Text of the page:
No Power at Phebe Hospital Clinic

In 2021, several of our crew members spent two weeks in central Liberia, working on installing a solar
power generating system at the Phebe and Curran Hospitals. These clinics were the only significant
medical care in their regions, each serving thousands of people, but their only sources of power were
generators that they barely had funding to fuel. Phebe Hospital Clinic, in Bong County, had the funding
to run their generator for 6 to 8 hours a day, but Curran Hospital, in Lofa County, could barely afford to
run their generator for one. Without consistent electricity, the hospitals could not use power for
cleaning equipment, storing medicines, or performing any complex medical treatments; even using cell
phone lights to illuminate surgeries.

Joining Forces to Help Local Clinics in Liberia

The ARP Solar team collaborated with people and organizations all over the country to make the Solar
Liberia Hospital Project happen. In Ohio, the Women of the Lutheran Church helped tremendously with
raising funds and making the trip happen. Reaching all the way to Arizona, the Alpha Energy Corp. (Alpha
Technologies) provided our team with the necessary equipment and training. Chip Pickering from
Pickering Energy Solutions in West Virginia was the catalyst for this project, he has masterminded many
solar installation projects in Liberia and helped us plan a successful operation. As of 2023, Chip has been
involved in providing power to 86 hospitals and clinics across the country, and ARP looks forward to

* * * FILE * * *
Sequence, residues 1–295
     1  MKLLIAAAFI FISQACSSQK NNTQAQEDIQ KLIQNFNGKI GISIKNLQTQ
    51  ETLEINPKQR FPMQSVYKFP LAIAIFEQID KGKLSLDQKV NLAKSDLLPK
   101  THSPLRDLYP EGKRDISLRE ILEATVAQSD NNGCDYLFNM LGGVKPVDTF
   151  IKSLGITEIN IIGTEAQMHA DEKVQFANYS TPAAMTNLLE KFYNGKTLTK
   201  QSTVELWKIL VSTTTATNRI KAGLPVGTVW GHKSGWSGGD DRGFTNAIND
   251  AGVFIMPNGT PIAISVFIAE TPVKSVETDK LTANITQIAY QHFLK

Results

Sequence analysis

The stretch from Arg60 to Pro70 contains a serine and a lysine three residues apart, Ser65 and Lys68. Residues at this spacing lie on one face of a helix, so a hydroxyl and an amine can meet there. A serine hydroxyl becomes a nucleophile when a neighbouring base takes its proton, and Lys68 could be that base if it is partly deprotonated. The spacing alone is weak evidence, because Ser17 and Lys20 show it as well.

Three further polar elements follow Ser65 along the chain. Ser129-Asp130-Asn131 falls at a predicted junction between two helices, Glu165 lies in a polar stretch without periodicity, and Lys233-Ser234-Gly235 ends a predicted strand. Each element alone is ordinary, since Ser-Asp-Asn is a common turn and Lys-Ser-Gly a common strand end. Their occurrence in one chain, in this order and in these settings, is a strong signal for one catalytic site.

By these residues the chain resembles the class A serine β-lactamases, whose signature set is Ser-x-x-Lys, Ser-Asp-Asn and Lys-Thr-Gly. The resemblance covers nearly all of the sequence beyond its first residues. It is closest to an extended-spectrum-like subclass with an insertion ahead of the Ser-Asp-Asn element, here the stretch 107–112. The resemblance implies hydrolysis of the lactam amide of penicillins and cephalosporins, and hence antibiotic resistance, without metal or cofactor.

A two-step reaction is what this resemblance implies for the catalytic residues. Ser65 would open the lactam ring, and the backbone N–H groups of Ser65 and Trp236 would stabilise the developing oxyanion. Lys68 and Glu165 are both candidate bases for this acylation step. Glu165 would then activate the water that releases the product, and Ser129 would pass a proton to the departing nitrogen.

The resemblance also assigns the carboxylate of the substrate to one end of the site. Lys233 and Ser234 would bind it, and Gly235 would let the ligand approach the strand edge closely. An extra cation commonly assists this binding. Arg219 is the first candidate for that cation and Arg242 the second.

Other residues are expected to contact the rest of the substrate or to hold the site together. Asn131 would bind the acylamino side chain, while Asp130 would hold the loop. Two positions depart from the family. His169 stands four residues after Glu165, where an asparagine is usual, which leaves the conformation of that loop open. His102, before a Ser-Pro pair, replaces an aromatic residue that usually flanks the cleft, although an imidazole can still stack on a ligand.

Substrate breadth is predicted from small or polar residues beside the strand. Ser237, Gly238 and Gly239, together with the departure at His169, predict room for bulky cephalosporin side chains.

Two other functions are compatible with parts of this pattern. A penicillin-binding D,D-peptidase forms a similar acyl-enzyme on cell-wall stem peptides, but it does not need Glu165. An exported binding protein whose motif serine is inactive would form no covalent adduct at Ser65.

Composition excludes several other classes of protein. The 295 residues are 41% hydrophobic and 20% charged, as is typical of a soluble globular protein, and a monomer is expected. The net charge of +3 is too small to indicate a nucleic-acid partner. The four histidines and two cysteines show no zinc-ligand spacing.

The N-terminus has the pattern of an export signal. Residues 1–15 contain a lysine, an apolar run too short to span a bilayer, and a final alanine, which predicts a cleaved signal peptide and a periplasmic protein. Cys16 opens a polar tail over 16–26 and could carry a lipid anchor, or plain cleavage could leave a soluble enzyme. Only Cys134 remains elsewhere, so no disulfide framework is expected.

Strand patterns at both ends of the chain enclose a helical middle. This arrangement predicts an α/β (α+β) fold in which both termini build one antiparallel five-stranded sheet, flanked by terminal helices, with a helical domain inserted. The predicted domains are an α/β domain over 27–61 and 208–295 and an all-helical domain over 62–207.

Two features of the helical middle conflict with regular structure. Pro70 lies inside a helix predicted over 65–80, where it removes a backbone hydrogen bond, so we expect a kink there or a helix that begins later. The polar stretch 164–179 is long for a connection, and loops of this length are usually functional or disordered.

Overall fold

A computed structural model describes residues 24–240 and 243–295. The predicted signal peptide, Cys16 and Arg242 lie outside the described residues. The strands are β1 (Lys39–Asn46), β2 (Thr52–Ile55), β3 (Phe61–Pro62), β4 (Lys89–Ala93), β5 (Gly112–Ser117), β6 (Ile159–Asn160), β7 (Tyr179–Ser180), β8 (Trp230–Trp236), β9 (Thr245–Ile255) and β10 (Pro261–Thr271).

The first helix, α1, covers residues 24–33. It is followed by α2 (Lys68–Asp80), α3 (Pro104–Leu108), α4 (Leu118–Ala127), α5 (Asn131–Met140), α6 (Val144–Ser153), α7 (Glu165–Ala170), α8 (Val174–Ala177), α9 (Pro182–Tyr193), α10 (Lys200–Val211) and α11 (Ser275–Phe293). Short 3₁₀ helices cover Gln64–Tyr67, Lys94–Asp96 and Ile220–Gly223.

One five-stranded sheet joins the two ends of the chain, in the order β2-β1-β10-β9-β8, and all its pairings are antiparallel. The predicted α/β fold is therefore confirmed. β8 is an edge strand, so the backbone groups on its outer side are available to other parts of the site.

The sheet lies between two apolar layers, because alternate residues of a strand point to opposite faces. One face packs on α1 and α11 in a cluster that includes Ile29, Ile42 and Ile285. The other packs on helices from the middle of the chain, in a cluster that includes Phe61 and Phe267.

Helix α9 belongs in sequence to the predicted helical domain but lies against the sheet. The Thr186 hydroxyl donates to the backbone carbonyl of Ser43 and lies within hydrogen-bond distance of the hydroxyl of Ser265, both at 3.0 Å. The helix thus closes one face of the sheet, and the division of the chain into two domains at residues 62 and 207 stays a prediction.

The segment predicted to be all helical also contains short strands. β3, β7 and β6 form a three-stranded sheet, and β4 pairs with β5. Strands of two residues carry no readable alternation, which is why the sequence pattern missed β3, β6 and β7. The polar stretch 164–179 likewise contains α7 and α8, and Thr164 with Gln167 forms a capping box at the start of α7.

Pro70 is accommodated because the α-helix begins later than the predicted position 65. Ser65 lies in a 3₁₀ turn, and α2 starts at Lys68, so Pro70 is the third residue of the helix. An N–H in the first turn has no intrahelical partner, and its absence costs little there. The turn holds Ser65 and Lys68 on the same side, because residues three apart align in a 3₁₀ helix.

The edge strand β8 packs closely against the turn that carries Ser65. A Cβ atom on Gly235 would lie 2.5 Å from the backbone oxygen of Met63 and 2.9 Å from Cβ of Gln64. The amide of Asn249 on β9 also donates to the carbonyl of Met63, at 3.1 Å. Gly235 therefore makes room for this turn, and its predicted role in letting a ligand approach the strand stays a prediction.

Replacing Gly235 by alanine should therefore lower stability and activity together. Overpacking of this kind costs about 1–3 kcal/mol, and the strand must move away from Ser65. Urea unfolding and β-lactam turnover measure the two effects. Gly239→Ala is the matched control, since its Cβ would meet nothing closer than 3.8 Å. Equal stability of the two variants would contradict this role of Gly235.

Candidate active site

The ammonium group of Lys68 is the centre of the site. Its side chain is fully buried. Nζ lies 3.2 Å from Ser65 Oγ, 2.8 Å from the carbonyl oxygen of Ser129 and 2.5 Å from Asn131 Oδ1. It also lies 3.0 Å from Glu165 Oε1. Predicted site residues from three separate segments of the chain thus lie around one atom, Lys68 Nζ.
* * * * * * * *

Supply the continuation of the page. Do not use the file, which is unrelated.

helping with many more.

Training ARP Team in Arizona to Train Liberia Team

In addition to providing equipment, Alpha Energy Corp flew our small travel team to Pheonix for
specialized training in repairing their components. Their solar equipment is usually shipped back to the
company for repairs and maintenance, but with no international mail coming in or out of Liberia, our
team had to get creative with servicing options. With the special training our team received from Alpha
Energy Corp, we were able to teach our Liberian colleagues how to perform maintenance and repairs in-
country. In addition to training, the ARP team hauled over bags of extra components and electrical
equipment to provide a stock of repair materials to be used over the years for any electrical issues the
solar system might have. Chip’s approach is to facilitate power installations, but to incorporate Liberian
teams as much as possible and provide them with the education, tools, and materials to be able to
maintain their equipment and make it function for them long term.

Solar Install

Ahead of the ARP team’s arrival, the Liberian teams built small buildings for the solar equipment to be
housed and maintained in. With their help, the ARP team installed 25 kW systems and wired them into
the hospital’s critical circuits, including the operating theater, the pharmacy, and vaccine cold storage,
and the ICU/prenatal unit. This part of the process was difficult because the hospital’s wiring had been
done incrementally over many years with inadequate equipment, but with hard work and a lot of
helping hands, the system was smoothly installed and these areas were able the have power from the
solar panels even when the generator wasn’t running.

Bringing Power to the People

After two weeks of installing, teaching, and getting to know the community, Phebe and Curran Hospital
Clinics had electricity. The night before our team left Phebe Hospital Clinic, a large truck carrying dozens
of people overturned, causing a multitude of injuries. Where no significant treatments would have been
available before, the injured people were able to be brought to the hospital and treated almost
immediately, saving multiple lives and preventing farther harm. ARP Solar’s Don Cribbet worked hard on
this program to bring electricity and healthcare security to places that truly need it: “It was incredible to
immediately be able to see the difference solar power has made in the health and wellbeing of an entire